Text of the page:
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Pumpkin Oat Muffin

Our family has loved watching the season change to fall, lots of orange color, first fires in the fireplace, and fresh pressed apple cider. Pumpkins of all sorts of sizes and colors have been arriving at our Farmers Market and we picked up a couple last week. Kabocha squash happens to be one of my favorites for its deep orange and sweet buttery flavor.

We have also been making pumpkin oat muffins for the last week and wanted to share our recipe.



Bake the whole Kabocha squash in the oven for 50-60 minutes at 350 degrees. (a fork should easily penetrate once done).

Measure out 1 1/2 cups of thick oats and add to a food processor pulsing till flour-like. It should yield 1 1/4 cup of oat flour.

oat flour

Allow squash to cool and scoop the flesh out of the cavity. Place into the food processor and pulse for a minute so that the squash becomes smooth with small clumps. Measure out one cup for the muffins and put the rest in a glass container for later use (more muffins or possibly a creamy soup with chicken broth and coconut milk?)


Pumpkin Oat Muffin

Preheat oven to 350 and grease muffin pan (I use this cooking spray)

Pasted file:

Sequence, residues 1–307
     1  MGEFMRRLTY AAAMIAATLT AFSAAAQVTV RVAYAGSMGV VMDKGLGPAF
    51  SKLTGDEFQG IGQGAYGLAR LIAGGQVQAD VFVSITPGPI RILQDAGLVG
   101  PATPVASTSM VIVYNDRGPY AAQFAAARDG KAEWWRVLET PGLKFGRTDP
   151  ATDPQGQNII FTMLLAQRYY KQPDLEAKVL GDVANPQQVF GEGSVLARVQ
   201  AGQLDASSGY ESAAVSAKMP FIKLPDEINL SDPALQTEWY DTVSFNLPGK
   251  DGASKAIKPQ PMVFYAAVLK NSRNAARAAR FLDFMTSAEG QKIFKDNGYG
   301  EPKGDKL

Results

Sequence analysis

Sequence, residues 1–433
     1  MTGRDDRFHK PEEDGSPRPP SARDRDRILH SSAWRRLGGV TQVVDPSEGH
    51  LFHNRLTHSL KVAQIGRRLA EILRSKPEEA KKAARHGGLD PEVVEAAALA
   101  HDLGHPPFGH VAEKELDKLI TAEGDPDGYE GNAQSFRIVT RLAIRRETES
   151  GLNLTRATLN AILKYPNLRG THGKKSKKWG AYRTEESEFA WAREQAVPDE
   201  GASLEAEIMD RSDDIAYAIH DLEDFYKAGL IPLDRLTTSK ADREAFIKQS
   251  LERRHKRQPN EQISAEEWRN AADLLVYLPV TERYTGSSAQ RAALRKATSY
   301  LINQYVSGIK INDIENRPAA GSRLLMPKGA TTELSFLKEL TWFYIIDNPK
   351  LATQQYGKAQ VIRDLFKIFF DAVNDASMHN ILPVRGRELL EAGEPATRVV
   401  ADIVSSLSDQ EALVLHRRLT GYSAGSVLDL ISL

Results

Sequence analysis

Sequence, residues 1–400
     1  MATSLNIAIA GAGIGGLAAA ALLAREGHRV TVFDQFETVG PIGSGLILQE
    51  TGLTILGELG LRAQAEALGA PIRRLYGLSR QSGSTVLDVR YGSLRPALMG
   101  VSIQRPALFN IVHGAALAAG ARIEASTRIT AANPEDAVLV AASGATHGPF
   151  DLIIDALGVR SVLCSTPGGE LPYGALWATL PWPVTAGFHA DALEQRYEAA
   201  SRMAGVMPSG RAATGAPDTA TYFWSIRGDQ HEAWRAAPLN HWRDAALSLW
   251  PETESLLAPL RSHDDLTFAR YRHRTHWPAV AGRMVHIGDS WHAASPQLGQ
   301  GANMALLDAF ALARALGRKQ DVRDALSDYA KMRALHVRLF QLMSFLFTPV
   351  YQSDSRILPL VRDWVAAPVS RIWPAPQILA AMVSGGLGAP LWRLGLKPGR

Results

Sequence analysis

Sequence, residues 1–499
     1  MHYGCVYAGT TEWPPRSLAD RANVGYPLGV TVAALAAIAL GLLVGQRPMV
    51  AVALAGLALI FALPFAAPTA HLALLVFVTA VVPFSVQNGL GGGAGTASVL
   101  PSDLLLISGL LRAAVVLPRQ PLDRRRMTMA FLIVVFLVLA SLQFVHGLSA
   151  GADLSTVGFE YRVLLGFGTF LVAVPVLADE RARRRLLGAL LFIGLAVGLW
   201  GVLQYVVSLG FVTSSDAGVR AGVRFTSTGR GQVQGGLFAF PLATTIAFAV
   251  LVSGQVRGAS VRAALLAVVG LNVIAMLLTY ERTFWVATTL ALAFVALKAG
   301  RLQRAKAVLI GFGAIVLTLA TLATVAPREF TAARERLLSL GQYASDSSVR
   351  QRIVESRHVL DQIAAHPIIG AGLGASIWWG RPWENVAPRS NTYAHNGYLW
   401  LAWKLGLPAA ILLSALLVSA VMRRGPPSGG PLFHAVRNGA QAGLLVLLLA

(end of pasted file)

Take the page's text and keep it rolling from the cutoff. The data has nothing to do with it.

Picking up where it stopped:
Makes one dozen muffins

1 cup cooked and pureed pumpkin (canned would work as well)

2 eggs

1 teaspoon vanilla

2 tablespoons yogurt

3 tablespoons maple sugar

3 tablespoon Swerve Sweetener

1 1/4 cup oat flour

1 teaspoon baking powder

1/2 teaspoon baking soda

1/4 teaspoon sea salt

1 teaspoon cinnamon

1/2 teaspoon ground ginger

1/4 teaspoon nutmeg

1/4 chocolate chips (optional)

Combine pumpkin, eggs, vanilla, yogurt, and sweeteners in food processor and pulse.

In a separate bowel combine oat flour, baking powder and soda, salt, and spices. Stir until well combined.

Add flour mixture to food processor and pulse gently until combined. Stir in chocolate chips by hand.

Distribute evenly in muffin tin and bake for 17-20 minutes, until golden brown on top. ENJOY!


Swerve Sweetener is one of my go to sugars, because of the oligosaccharides, a prebiotic that feeds the good bugs in our large intestine. There has been some research linking oligosaccharides to improved immune function in preschool age children. As we move into the winter months I use add it to the sweetener rotation, along with maple syrup, honey, and stevia. They also have a confectioners option, great for pancakes and icings.

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